Can you recommend a guide to camping near historical sites in England?

Camping is an adventure that offers you the opportunity to be one with nature. It's a versatile form of holidaying that can be as simple or luxurious as you want it to be. Whether you're hunkering down in a sleeping bag under the stars or sleeping in a caravan with all the comforts of home, camping is universally loved. This guide will provide you with information on some of the best campsites near historical sites in England, allowing you to immerse yourself in the wild while soaking up the rich history of this beautiful country.

Rich History and Wild Camping in England's West

Immersing yourself in history can be an enriching experience. Combining it with the simplicity and raw beauty of camping only heightens the experience. Picture waking up to the sun rising over a vast park or a calm lake, then spending the rest of the day exploring historical sites that date back hundreds, sometimes thousands, of years.

In the west of England, you can find some truly incredible campsites near historical sites. Stowford Farm Meadows in Devon, for example, is an ideal spot for families who enjoy camping. With over 500 pitches for tents and caravans, this campsite provides a wide array of amenities including an indoor swimming pool, horse riding, and a farm shop. It is located near the Tarka Trail, a 163 mile figure-eight route through landscapes little changed from those described by Henry Williamson in his classic novel ‘Tarka the Otter’ first published in 1927.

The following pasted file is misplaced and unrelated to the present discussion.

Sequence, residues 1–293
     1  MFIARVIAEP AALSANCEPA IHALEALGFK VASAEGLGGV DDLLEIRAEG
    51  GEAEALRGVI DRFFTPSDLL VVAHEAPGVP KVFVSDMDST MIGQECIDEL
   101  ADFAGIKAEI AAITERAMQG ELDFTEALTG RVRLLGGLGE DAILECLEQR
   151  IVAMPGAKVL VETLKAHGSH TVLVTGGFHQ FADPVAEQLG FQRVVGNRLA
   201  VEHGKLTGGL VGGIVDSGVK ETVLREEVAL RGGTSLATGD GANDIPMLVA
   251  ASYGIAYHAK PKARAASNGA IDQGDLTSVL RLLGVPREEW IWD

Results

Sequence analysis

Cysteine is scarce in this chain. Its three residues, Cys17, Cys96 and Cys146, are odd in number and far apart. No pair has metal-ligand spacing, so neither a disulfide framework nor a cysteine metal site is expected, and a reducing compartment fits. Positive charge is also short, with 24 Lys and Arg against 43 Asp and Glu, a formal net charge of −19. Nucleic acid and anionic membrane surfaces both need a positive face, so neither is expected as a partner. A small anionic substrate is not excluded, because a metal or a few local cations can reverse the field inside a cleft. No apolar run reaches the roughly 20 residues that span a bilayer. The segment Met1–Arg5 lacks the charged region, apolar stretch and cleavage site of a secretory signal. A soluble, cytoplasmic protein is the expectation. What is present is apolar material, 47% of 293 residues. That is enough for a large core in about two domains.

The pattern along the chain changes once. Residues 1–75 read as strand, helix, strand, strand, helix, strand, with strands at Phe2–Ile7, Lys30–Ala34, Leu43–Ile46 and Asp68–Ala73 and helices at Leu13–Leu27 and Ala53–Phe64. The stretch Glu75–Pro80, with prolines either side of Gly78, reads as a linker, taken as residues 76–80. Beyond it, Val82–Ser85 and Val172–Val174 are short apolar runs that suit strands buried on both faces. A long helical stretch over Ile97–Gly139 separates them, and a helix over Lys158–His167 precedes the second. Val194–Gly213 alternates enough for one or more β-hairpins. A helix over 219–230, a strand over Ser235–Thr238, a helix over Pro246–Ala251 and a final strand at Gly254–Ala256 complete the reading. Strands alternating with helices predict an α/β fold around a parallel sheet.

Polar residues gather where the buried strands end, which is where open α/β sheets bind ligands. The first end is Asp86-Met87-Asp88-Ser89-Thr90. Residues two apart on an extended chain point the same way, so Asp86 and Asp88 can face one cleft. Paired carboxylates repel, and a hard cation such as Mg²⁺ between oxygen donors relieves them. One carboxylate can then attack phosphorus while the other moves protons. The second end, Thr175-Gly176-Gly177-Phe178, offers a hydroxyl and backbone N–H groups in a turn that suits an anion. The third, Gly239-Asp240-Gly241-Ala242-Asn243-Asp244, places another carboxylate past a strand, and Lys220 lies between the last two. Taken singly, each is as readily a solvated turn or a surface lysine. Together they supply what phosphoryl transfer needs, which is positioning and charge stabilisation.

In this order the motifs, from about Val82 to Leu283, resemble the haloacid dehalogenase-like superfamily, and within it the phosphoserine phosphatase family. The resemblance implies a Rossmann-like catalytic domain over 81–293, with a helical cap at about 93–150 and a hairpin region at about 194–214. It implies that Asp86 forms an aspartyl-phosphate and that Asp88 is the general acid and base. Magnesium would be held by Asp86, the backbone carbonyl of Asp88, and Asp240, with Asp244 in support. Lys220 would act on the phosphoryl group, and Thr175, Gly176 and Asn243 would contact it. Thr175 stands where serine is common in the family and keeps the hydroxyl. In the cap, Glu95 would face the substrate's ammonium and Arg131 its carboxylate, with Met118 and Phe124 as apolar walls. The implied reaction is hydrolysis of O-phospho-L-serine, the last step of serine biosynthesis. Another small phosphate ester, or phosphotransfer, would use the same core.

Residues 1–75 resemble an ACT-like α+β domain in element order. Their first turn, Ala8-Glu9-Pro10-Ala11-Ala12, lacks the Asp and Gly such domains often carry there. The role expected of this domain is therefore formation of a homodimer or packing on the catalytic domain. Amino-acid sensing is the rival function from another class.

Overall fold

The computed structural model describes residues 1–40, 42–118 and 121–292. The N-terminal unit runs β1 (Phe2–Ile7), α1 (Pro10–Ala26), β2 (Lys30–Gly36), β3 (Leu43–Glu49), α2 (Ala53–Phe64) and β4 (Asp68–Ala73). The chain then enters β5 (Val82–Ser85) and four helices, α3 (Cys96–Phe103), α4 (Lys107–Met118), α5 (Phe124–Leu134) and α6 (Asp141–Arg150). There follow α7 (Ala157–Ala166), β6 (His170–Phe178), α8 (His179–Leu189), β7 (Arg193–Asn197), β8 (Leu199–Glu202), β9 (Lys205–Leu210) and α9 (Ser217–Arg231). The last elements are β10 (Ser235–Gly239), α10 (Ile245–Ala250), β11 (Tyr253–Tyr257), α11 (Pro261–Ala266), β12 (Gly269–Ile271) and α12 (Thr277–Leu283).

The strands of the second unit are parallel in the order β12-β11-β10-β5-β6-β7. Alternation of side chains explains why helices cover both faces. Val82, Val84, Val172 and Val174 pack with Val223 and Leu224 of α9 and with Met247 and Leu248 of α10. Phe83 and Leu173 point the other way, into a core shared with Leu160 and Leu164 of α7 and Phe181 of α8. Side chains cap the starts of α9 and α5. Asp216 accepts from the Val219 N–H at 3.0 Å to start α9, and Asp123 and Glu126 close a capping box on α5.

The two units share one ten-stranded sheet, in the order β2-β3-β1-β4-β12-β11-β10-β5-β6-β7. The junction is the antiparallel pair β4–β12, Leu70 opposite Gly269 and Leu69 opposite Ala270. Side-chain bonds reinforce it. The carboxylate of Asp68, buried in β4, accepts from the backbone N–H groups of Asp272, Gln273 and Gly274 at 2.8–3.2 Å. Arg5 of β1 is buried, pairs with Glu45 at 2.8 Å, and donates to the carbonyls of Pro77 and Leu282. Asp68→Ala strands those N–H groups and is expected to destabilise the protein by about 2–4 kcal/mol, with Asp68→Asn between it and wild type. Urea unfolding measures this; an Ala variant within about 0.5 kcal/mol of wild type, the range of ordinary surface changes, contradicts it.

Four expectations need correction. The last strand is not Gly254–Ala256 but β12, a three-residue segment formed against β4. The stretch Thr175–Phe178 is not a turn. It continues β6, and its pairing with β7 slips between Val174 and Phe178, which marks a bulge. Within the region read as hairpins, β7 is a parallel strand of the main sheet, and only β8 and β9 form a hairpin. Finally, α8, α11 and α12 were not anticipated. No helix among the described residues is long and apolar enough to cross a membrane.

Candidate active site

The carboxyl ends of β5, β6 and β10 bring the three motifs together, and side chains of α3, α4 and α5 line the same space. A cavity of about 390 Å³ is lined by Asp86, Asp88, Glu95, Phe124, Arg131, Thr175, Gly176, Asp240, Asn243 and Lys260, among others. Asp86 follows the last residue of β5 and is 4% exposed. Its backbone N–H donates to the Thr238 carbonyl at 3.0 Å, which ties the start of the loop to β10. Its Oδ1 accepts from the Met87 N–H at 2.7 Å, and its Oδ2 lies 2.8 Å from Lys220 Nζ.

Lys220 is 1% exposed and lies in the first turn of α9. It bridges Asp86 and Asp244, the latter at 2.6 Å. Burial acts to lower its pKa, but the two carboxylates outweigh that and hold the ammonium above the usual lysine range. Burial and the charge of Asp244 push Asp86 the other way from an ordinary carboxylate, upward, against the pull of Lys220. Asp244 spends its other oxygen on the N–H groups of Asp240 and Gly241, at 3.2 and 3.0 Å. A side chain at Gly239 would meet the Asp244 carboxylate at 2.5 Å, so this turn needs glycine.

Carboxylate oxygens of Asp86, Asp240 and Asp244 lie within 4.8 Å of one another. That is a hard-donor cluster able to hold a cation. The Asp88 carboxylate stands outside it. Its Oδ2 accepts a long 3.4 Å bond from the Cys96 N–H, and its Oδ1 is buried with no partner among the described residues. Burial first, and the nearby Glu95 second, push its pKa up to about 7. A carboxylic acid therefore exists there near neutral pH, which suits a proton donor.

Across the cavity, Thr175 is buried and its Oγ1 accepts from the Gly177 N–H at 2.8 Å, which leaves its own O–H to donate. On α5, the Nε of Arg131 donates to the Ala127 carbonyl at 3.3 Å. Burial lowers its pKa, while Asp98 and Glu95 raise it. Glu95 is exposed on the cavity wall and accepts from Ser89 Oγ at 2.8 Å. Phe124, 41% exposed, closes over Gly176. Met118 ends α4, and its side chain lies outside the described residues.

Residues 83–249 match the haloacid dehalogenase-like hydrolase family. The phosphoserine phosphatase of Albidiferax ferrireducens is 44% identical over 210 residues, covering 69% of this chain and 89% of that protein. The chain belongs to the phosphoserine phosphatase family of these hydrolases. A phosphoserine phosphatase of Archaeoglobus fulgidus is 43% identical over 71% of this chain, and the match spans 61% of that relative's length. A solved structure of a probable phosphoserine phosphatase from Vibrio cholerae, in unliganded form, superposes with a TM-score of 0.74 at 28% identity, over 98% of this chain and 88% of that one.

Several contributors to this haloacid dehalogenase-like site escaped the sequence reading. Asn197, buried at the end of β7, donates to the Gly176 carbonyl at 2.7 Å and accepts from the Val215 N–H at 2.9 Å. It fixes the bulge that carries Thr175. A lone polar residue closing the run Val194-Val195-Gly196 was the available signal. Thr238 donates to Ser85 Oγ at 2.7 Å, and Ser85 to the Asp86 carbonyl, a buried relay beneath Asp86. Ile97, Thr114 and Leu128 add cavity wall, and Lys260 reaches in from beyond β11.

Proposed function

The Lure of the Lakes and a Good Old Campsite

The Lake District, home to England's largest natural lake, is a popular camping destination. However, it's not just the serene beauty of the water that draws campers to this area. The Lake District is steeped in history, from ancient stone circles to historic houses and gardens. The National Trust Great Langdale Campsite, nestled in a valley and surrounded by mountains, is an excellent campsite for history buffs. The site is close to the famous Roman Fort in Hardknott, and also offers a variety of outdoor activities, from rock climbing to water sports.

Farm Camping and Historical Exploration in Scotland

Crossing the border into Scotland, the camping experience takes a different turn. Farm camping is a popular option here, allowing campers to get a real feel for the pastoral life. In addition to the typical camping experience, some farm campsites offer the opportunity to participate in farm activities, such as feeding animals or milking cows.

One such farm campsite is the Craskie Estate in the Scottish Highlands. Offering wild camping spots and a few small, basic units for hire, this spot is a true return to nature. Nearby, campers can visit the site of the Battle of Culloden, the last battle fought on British soil, and the Clava Cairns, a Bronze Age burial site.

The Best of England's National Park Campsites

When it comes to camping in the wild, national parks offer some of the best opportunities. England has ten national parks, each with its unique charm and history.

The Dale Farm Rural Campsite, located in the heart of the Peak District National Park, is one such place. This campsite offers a peaceful retreat in a rural setting, but also offers easy access to many historical sites. The nearby village of Bakewell, for instance, is a historical market town known for its unique and charming character.

Camping in Kent, the 'Garden of England'

Kent, known as the 'Garden of England', offers a unique camping experience with its gorgeous landscapes and historical sites. The Hop Farm Family Park, situated on the banks of the River Medway, is a fantastic campsite for families. It offers a variety of activities for children, including an outdoor adventure play area and indoor soft play. The site is also home to the world's largest collection of Victorian oast houses, used for drying hops as part of the brewing process.